- We have a 3×3 grid where each cell is represented by an index ranging from 0 to 8, as described in the PuzzleState.
- Now, the task is to identify, for each index (representing a tile position), which other indices (tile positions) are its neighboring positions, meaning where the empty space can move to from that particular position.

By constructing this graph of neighbours, we establish the valid moves or transitions between different states of the puzzle, enabling the A* search to efficiently navigate the puzzle space and find the optimal sequence of moves to reach the goal configuration from any given start configuration. This graph representation is fundamental for implementing search algorithms in solving the 8-Puzzle problem.

For example, starting with tile index 0, the neighbouring indices, where the empty tile can move, are indices 1 and 3. Similarly, for tile index 1, the neighbours are indices 0, 2, and 4, and so on.

We will summarise this relationship in a list of neighbour indices for each tile index.

- Index 0: {1, 3}
- Index 1: {0, 2, 4}
- Index 2: {1, 5}
- Index 3: {4, 0, 6}
- Index 4: {3, 5, 1, 7}
- Index 5: {4, 2, 8}
- Index 6: {7, 3}
- Index 7: {6, 8, 4}
- Index 8: {7, 5}

With this mapping in place, we can then easily determine the neighbours for any tile index. For instance, for tile index 6, the neighbours are tile indices 7 and 3. It’s important to note that these indices refer to positions within the array representation of the puzzle state, not the actual values stored in those array elements.Now, let’s proceed to implement this functionality. We will utilise static variables and methods for this purpose. We will also contain this code with a region called **Neighbours**.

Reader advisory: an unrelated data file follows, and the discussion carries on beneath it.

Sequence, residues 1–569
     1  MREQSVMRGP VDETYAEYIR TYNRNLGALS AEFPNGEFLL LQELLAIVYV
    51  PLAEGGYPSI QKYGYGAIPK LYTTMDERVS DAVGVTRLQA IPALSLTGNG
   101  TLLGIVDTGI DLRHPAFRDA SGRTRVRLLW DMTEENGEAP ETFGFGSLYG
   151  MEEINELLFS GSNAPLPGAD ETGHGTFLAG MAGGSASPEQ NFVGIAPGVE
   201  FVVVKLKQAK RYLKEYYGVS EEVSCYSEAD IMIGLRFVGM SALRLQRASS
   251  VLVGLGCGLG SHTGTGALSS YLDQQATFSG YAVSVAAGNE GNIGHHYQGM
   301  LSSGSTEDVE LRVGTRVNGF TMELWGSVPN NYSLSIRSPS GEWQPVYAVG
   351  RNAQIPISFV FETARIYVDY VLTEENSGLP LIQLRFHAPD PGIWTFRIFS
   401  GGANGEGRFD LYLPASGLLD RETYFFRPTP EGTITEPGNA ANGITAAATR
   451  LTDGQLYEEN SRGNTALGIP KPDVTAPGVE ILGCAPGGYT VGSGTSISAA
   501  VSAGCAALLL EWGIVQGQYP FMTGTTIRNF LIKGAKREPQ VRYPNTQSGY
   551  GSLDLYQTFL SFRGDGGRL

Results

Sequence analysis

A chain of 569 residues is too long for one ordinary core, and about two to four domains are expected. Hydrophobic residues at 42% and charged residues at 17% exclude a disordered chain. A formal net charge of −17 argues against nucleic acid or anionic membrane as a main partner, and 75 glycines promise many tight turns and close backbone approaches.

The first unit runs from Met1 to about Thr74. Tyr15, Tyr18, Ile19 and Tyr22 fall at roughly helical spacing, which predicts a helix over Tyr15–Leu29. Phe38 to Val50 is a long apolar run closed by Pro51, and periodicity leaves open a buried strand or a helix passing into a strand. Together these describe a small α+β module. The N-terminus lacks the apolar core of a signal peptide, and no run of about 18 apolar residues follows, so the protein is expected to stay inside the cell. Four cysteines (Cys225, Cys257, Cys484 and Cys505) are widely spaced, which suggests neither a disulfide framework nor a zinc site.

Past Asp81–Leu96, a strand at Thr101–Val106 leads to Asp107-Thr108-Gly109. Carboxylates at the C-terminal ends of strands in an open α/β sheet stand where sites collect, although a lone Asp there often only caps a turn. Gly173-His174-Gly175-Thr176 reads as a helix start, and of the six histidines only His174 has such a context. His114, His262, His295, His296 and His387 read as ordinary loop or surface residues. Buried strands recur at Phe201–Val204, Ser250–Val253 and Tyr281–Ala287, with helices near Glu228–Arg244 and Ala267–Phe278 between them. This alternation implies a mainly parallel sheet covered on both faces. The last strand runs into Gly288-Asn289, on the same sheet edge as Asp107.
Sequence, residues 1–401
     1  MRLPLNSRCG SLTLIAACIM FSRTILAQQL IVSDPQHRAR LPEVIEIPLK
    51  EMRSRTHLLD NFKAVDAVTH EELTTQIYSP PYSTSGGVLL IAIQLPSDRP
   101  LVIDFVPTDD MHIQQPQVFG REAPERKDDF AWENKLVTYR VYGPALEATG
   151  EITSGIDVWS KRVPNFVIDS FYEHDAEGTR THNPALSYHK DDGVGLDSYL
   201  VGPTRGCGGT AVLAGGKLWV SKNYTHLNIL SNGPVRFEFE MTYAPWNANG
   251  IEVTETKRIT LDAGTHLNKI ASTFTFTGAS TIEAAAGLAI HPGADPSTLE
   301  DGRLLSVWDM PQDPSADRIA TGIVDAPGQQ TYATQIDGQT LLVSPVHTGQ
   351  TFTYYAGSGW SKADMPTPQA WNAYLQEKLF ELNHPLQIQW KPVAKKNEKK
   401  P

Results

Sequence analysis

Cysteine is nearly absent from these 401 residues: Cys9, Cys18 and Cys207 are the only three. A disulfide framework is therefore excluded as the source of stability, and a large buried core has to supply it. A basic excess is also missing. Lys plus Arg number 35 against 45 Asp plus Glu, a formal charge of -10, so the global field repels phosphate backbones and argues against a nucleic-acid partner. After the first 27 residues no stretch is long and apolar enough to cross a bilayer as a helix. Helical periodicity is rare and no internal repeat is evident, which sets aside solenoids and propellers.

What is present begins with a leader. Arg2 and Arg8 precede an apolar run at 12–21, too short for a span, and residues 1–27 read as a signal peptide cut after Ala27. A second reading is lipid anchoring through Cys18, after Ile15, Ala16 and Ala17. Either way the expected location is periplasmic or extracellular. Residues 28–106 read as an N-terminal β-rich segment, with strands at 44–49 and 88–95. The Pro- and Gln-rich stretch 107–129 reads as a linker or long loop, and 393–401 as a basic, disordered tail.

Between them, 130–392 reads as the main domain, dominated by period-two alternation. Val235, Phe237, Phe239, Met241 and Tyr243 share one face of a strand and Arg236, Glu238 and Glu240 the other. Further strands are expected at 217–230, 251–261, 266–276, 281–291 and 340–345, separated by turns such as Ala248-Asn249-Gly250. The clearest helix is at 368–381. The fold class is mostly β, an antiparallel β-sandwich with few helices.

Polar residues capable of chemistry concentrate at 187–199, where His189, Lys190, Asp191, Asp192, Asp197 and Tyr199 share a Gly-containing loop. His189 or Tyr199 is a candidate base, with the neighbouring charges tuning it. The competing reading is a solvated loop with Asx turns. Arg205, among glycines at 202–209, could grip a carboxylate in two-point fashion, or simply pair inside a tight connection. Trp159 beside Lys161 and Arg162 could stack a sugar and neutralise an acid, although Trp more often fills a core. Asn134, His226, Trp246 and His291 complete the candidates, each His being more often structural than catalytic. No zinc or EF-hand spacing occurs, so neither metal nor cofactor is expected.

In the next page we will create the Unity Project, then create the frame and the basic UI.

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Educator | Developer | Mentor

There is missing code contructor, mEdges and GetNeighbors in PuzzleMap sir

Hi Bladin,

The codes are all there. You should be able to see in the PuzzleMap section. Below extracted from the post.

public List> GetNeighbours(PuzzleNode loc)

{

List> neighbours = new List>();

int zero = loc.Value.GetEmptyTileIndex();

List intArray = GetNeighbors(zero);

for (int i = 0; i < intArray.Count; ++i) { PuzzleNode state = new PuzzleNode(this, new PuzzleState(loc.Value)); state.Value.SwapWithEmpty(intArray[i]); neighbours.Add(state); } return neighbours; }